Defense suggests mental issues in El Jebel double-homicide
EAGLE — A public defender for an El Jebel man accused of gunning down his aunt and uncle suggested Monday that the suspect had psychological issues that precipitated the double homicide.
During a preliminary hearing in Eagle County District Court, defense attorney Thea Reiff, while cross-examining the lead investigator in the case, said that a recorded interrogation of suspect Williams Anderson Amaya showed that he had been plagued by mental problems. That was indicative when Amaya told Eagle County Lt. Daniel Loya, during an interrogation on the day of his July 13 arrest, that he was not related to the victims, Mayra and Eliseo Lopez.
Instead, Amaya insisted that his relatives were John McCain, Hillary Clinton, Paris Hilton and Kim Kardashian, Loya said. Amaya also said he was not born a Latino but was reincarnated as one, and he had an “Uncle Angel” who had joined the Special Forces to protect him. Amaya also told the investigator that the Lopezes were “witches,” as were their two children.
Additionally, Loya said he discovered paperwork in Amaya’s vehicle showing that he had been admitted into a psychological facility.
Deputy District Attorney Joe Kirwan argued that the defense’s claims had no bearing on the preliminary hearing, in which the prosecution’s task was to show enough probable cause to bind over the case for trial. Even so, Eagle County District Judge Paul Dunkelman allowed the defense to bring up the mental issues while cross-examining Loya.
Dunkelman also ruled there was enough evidence to hold over Ayama, 33, on two charges of first-degree murder and two counts of criminal attempt to commit murder in the first degree, along with lesser charges.
Amaya has been held in the Eagle County Jail without bond since his arrest. No bond has been set because he is considered a flight risk.
An Aspen High School graduate, Amaya sat silently throughout the near four-hour hearing, wearing orange prison garb and handcuffed at the ankles. He wore headphones to listen to a Spanish interpreter relay the testimony.
On the opposite side of the courtroom sat approximately one dozen of the Lopez couple’s friends and relatives. Some wept as the prosecution’s two witnesses, Loya and Eagle County Patrol Deputy David Edstron, recounted the night in which they discovered the Lopezes dead on the den floor of their Sopris Village home in El Jebel.
Prosecutor Kirwan replayed the events that led to the double homicide, alleging that Amaya began his day by visiting Starbucks in El Jebel, having his Honda Civic’s oil changed at Big O Tires in Basalt, driving to Grand Junction to make a “conscious decision” to buy a .380-caliber handgun and two boxes of American Eagle full-metal-jacket ammunition from a Cabela’s sporting-goods store and dining at Olive Garden before returning to his aunt and uncle’s home, where he also resided.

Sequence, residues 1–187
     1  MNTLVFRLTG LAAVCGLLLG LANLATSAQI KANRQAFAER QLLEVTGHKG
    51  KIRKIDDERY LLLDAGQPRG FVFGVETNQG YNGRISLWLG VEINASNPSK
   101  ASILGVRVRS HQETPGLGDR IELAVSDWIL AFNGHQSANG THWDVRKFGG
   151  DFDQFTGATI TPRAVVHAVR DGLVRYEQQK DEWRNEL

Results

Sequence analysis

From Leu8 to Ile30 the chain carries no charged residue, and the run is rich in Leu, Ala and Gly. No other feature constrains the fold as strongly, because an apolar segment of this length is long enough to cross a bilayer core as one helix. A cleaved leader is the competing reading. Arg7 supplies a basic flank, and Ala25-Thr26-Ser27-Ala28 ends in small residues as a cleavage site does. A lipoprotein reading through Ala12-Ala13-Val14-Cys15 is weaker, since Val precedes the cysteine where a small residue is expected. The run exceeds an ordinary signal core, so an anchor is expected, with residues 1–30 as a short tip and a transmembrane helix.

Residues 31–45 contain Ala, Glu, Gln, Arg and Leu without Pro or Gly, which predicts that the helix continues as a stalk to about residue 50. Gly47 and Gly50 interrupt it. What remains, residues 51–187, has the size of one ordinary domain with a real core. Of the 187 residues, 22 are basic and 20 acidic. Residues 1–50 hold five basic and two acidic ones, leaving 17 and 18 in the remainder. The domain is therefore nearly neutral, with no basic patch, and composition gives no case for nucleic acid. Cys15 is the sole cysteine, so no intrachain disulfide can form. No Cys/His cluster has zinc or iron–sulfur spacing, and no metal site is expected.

Kirwan relied chiefly on the testimony of Loya, who said Amaya confessed to killing his aunt and uncle 28 minutes into his near hourlong interview.
“He stated that they were discussing and commenting about his family,” said Loya, who said he was notified at 11:18 on the night in question of a possible shooting.
Amaya initially denied killing the couple, blaming it on other relatives whose motive was to collect insurance money, Loya said. Previously, one of the Lopezes’ sons said his parents had been arguing with Amaya about a dog, but Loya said that didn’t appear to be the case.
“I asked him who he shot first,” Loya said. “He said he didn’t know. He said it was over an argument with the family about bills, and said it might have something to do with the death of his uncle in El Salvador.” Loya said he would later learn that the uncle died in the U.S. from a heart attack.
Loya also said “there was nothing that would show or indicate” the shooting was impulsive.
Each victim was shot four times, Loya said.
“He said he stood over them directly and shot them to ensure their death,” Loya said.
Investigators also found four rounds of ammo in the beds of the Lopez’s two sons.
“I asked if he intended to shoot the brothers,” Loya said. “He said he did. I asked him why, and he said they were witches, too.”
At the time of the shootings, one of the sons was in the bathroom brushing his teeth while the other one was in his bedroom getting dressed.
But the boys, ages 13 and 14, fled the home — stepping over their deceased parents, who lied on the ground face down, to get away. One hid under a neighbor’s vehicle.
Early the next morning on July 13, Loya said he had texted Amaya and finally reached him on his cellphone. The two were talking on the phone when police took Amaya into custody without incident at approximately 5:40 a.m. at his workplace, Colorado Pool and Spa Scapes, which is along Highway 82 between Glenwood Springs and Carbondale. Authorities also recovered the pistol believed to commit the shootings in Amaya’s work vehicle. The Colorado Bureau of Investigations would later link fingerprints on the weapon to Amaya, Loya testified.
The arrest warrant affidavit says Herbert Amaya, 31, the brother of Williams Amaya, was in his bedroom with his family when he was awoken by gunfire. Herbert told detectives he got out of bed and walked down a hallway and saw Mayra Lopez moving. Eliseo Lopez was just beyond her with blood around his head, the affidavit said.
The Lopezes’ other son, a 14-year-old, came running to Herbert and told him “to get his family and get out of the house,” according to the affidavit. Once they exited, the son called 911, according to authorities.
Start a dialogue, stay on topic and be civil.
If you don't follow the rules, your comment may be deleted.
A Carbondale man who roamed the world for 25 years using a stolen identity was sentenced on Monday to two years in prison for aggravated identity theft.